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Don’t expect the Internet to let you die peacefully

By John Brodeur

On Feb. 9, in the wake of a National Tragedy—the Feb. 8 death of Anna Nicole Smith—National Public Radio ran a segment titled “How Wikipedia Breaks News, and Adjusts to It.” Take a breath and think on that first part: Wikipedia, which calls itself the “biggest multilingual free-content encyclopedia on the Internet”—and whose content is entirely user-generated and -edited—is somehow considered responsible for breaking news. Really.

Not to harp on the point, but there are innumerable news sources on the Web, most—OK, some—of which do a perfectly fine job of reporting the news. CNN, Yahoo!, or any of the network-news Web affiliates are typically reliable in their current-events coverage. And Wikipedia generally serves its own intended purpose, as a historical record and reference site. So why would anyone turn there for information on something that just happened?

Chalk it up to the need for speed. The Internet has, if nothing else, made us an impatient culture. People have a perpetual case of Too Much Information. So when the news of Smith’s collapse in a Florida hotel room began to circulate through traditional channels, everybody wanted to be the first to hear and/or share the news of her demise, fact-checking be damned.

Within minutes, perhaps seconds, of the announcement of her death, her Wikipedia entry listed the information, matter-of-factly enough. (According to Jimmy Wales, Wikipedia founder and chairman emeritus of the Wikimedia Foundation, the news was first reported by CBS News, although Wikipedia apparently was the first Web outlet to publish.)

But what happened in the hours to come revealed one of the inherent problems with the behemoth bathroom wall that is the Internet: Anyone can say whatever they want and, depending on context, have it interpreted by others as fact.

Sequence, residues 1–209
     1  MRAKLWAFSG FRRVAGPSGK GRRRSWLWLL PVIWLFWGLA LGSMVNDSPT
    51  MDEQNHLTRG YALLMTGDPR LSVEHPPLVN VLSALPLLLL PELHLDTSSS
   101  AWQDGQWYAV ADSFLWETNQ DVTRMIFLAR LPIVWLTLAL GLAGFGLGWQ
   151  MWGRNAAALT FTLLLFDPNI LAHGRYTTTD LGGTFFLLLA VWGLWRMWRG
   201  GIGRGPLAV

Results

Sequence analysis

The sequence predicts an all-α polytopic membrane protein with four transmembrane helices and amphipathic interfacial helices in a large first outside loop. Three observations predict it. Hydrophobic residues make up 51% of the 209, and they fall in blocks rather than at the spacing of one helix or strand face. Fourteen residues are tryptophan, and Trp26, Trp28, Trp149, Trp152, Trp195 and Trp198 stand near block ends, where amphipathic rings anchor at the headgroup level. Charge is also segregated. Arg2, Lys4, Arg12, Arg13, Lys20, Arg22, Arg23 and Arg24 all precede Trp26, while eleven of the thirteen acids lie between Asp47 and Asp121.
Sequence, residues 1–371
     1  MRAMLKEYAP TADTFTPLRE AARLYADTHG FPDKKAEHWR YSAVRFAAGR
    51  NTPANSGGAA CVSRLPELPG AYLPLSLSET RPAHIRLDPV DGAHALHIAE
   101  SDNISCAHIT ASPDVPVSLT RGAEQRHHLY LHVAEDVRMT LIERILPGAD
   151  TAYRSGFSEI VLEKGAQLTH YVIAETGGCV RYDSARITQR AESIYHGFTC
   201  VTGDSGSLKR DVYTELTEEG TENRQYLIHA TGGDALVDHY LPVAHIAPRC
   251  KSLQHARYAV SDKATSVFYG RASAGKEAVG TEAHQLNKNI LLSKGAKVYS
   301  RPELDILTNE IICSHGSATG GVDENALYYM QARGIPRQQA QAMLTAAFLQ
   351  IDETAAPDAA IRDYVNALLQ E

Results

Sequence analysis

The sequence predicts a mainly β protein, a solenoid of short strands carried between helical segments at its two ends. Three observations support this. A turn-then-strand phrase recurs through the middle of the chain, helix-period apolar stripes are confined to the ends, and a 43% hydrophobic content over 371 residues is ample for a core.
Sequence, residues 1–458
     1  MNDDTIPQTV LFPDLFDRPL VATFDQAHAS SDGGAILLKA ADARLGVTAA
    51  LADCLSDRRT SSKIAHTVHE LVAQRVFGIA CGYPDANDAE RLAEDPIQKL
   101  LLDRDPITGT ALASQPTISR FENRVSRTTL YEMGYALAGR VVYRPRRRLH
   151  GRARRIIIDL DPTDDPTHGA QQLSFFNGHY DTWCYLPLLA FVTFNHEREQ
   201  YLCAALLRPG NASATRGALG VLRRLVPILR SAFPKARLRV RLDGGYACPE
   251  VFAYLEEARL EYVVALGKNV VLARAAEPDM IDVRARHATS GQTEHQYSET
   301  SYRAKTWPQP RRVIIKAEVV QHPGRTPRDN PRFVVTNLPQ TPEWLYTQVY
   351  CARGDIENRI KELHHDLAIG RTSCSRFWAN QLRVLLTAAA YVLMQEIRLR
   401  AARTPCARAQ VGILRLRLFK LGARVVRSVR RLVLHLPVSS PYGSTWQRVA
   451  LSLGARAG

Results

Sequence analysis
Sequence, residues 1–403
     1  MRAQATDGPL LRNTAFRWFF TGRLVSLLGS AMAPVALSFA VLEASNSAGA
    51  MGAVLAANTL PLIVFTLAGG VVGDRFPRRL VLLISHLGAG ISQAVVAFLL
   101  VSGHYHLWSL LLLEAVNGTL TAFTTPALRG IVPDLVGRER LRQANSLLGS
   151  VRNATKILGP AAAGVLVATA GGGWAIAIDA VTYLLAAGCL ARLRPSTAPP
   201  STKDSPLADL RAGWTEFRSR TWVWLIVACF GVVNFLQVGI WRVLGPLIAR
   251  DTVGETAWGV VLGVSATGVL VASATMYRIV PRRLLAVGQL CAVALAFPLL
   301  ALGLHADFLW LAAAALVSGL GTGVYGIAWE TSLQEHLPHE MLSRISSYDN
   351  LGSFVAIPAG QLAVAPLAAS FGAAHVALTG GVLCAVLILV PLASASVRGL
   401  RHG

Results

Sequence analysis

In Smith’s case, Wiki savages went to town on Smith’s barely dead corpse, using the opportunity to take one last jab at the former Playmate/actress/diet-pill shill. Or, as Manhattan-based news-and-media-gossip Web site Gawker put it, “Her Wikipedia page went totally postal.” In some cases, it was described as graffiti; at most, it was plainly disrespectful, a blatant display of malice and disregard for the recently deceased.

Of course, seeing the phrase “On February 8, 2007, the bitch bought the farm” was a little bit funny. And lots of people have made the crack that “She died of overdose on trimspa.”

“She died of a drug overdose after collapsing in a Las Vegas casino,” read one early update. At no point has there been confirmation of a drug overdose, and the most inept super-sleuth would have realized that she passed in Hollywood, Florida—although it was at a Hard Rock Hotel and Casino, so the confusion is perhaps justifiable.


Come on, people, that’s just sloppy. There are numerous methods of resuscitation, but putting bees in someone’s mouth? No way. MySpace bulletins are more reliable.

British actor Ian Richardson died the following morning, Feb. 9. While his Wikipedia page did not appear to be, at any time, as rapidly and viciously defaced as that of the late Ms. Smith—nobody fucks with the Grey Poupon guy—the following disclaimer was prominently featured at the page’s header:

“This article is about a recently deceased person. Some information . . . may change rapidly as more facts become known. Please be aware that while vandalism is usually fixed quickly, it is particularly likely in such articles.”

How can a site that purports itself to be encyclopedic in any way allow such irresponsible reportage? Vandalism has no place in the news world. Surely there must be some amount of control over who can post and edit Wikipedia content—the whole shebang can’t simply be ruled over by a cadre of dickheads, can it?

As Wales told NPR’s Robert Siegel, “When an article gets a lot of news attention, a lot of new people come in and maybe think it’s funny to mess around with the article. So we’ll semi-protect it, so that only experienced editors can edit it for a while.”

That’s comforting. If it weren’t for this elaborate system of “experienced editors,” the Wiki universe could truly erupt into a free-for-all . . . a lot like it did on Feb. 8. So how the hell did that happen, anyway?

Wales goes on to reveal that such a lofty title (experienced editor) is given to “anyone who has had an account for more than four days. . . . If someone has been around for at least four days and not gotten blocked, they’re probably not a completely ridiculous person.”

Four whole days! Lurkers and aspiring newsies, take heed: If you want to be taken seriously as an “editor,” you best register your Wikipedia account now, lest you miss out on an opportunity to post wisecracks the next time a prominent public figure, uh, buys the farm.

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